Sentosa has 40 or more attractions all of which cost extra. Universal Studios, Madame Tussards, Bird Park, Butterfly Farm and addrenalin rides like a zip wire, luge run and indoor sky diving. I didn't do any of these. I headed down to Fort Siloso, the only remaining defensive fort on the island. To get to the fort you cross the skywalk. An 11-storey, 181 meters long Skywalk trail provides a scenic trek among the treetops. The fort had some exhibitions on its history, lots of big guns, trails through the forest and best of all was free.

The one attraction I did pay for was the S.E.A. Aquarium. The aquarium was the world's largest aquarium by total water volume until overtaken by one in China. Many huge tanks with all the usual suspects: all kinds of sharks and rays, lion fish and of course Nemo and Dory. I especially liked the jelly fish tanks with coloured lighting which showed them off brilliantly.

On the way back I rode the cable car up to Faber Peak for more views across Singapore. The peak is one big park and being at the top of the hill had a nice breeze.

27th January 2017 - Gardens by the Bay at night

I worked during the day today to free up the evening to head down to the Gardens by the Bay again to see the supertrees lit up and the nightly light show.

The light show wasn't much, just the trees changing colour to music but the whole scene was amazing. The giant supertrees look far, far better lit up against the night sky.

There are two shows a night at 7:45pm and 8:45pm. I went down for the second and was surprised that it wasn't busier. There was plenty of space to wander around and see the lights from all angles.

Not much more to add really.

I'll let the pictures speak for themselves.

28th January 2017 - Singapore

Quiet day today. Sight-seeing 5 or 6 hours a day and working 8 or 9 hours doesn't leave much free-time. So I had a decent lie-in today and then headed up to Little India for lunch. A small bit of Singapore which is a whole lot of India. I really fancied a curry and where better. I choose a small restaurant full of locals and went for the Chicken Thali. Everyone else was doing as you do in India and eating with their hands, rolling their rice and curry together into balls. Thankfully they found me a fork and I tucked in. It as a decent curry and some great vegetable side dishes.

After lunch I headed down to Clarke Quay. The Singapore River has been the centre of trade since modern Singapore was founded in 1819. During the colonial era, Boat Quay was the commercial centre where barge lighters would transport goods upstream to warehouses at Clarke Quay. Now the warehouses have been restored and house various restaurants and nightclubs. I took a boat tour down past the quays and out into the Marina Bay. It's good seeing things from a different angle.

28th January 2017 - Singapore Zoo

Today I headed to Singapore Zoo. I'd read it was one of the best in the world and the animals had a lot more space than in most others. I headed up early and signed up for the Jungle Breakfast. It was OK, but I wouldn't recommend it. It was a breakfast buffet where half way through they open the bridge to the orangutans and they come across to have their breakfast right beside the seating area.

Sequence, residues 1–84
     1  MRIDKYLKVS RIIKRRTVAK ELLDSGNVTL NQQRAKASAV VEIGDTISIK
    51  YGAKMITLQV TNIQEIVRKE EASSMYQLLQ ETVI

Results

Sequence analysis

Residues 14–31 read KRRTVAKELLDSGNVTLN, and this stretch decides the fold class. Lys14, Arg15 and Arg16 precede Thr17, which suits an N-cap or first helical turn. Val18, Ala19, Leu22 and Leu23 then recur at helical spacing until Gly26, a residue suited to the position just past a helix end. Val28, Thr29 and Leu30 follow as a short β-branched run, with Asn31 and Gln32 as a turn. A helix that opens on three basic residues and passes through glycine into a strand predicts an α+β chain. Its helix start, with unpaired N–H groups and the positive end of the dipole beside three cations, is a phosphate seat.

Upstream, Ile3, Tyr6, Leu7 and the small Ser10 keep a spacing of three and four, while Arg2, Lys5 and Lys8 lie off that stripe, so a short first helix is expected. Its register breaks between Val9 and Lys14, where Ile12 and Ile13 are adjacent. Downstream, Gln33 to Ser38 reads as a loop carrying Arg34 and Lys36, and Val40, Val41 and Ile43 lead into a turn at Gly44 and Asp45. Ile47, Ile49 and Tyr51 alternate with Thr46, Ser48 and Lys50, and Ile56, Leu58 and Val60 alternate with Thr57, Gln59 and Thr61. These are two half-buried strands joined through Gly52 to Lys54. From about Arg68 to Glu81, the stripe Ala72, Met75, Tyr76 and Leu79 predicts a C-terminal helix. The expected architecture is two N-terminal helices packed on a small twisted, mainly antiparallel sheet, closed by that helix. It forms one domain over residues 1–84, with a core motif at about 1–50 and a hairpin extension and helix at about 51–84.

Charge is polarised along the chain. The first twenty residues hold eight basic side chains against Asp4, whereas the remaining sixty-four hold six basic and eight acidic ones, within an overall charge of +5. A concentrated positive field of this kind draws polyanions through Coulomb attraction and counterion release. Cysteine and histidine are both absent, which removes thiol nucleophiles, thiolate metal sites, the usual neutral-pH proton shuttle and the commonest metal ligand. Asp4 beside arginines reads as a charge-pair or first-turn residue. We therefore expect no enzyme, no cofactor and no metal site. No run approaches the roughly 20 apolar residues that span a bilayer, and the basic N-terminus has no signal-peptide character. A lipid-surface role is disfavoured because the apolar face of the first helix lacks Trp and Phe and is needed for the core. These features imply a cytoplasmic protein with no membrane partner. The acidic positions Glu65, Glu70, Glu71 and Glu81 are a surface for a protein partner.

You can then go up and get your photo taken with a snake or standing right in front of the orangutans. The orangutans were great and so human-like in their actions. Singapore Zoo is home to two species of orangutans: the Bornean orangutan and the Sumatran orangutan. How are the two different? The Sumatran orangutan has a rich rust-brown coat. Adults often sport a golden beard – even the females! Conversely, the Bornean species are much darker in colour.

Once breakfast was over the bridge was opened and the oranutans left via ropes and walkways back to their tree tops. As the zoo describes it "Our orangutan habitat is one of our biggest exhibits and certainly the most unique. Two free-ranging areas, an island and a boardwalk complete with tall trees and thick vegetation, have been created for visitors to view these fascinating creatures. The absence of walls and the inclusion of the raised boardwalk allow guests to have an almost entirely 360 degree view at an elevated angle."

One advantage of doing the breakfast was that it got me to the zoo early before it got busy so I had a nice hassle free coupe of hours wandering around. My favorite part was the chimpanzees. The zoo has set-up puzzles for them to solve to get their food. The picture below shows and chimp using a stick to get food out of the box. Forget Rise of the Machines, Planet of the Apes is real and this is the start.

Despite being very conservation orientated the zoo does have a number of 'performing animals'. I don't have a problem with this but many might. My view is we keep pets and have them doing tasks or tricks. Once you accept that that is OK for one type of animal where do you draw the line. Anyway, the elephants; I love elephants they really are gentle giants. The elephant show consisted of three elephants and their mahouts. The elephants waved, blow water at the crowd, rolled some logs around and generally larked about. With this and another show I saw the animals really do look to be enjoying it. It may not be the wild open African savanna but I reckon they have a pretty good life.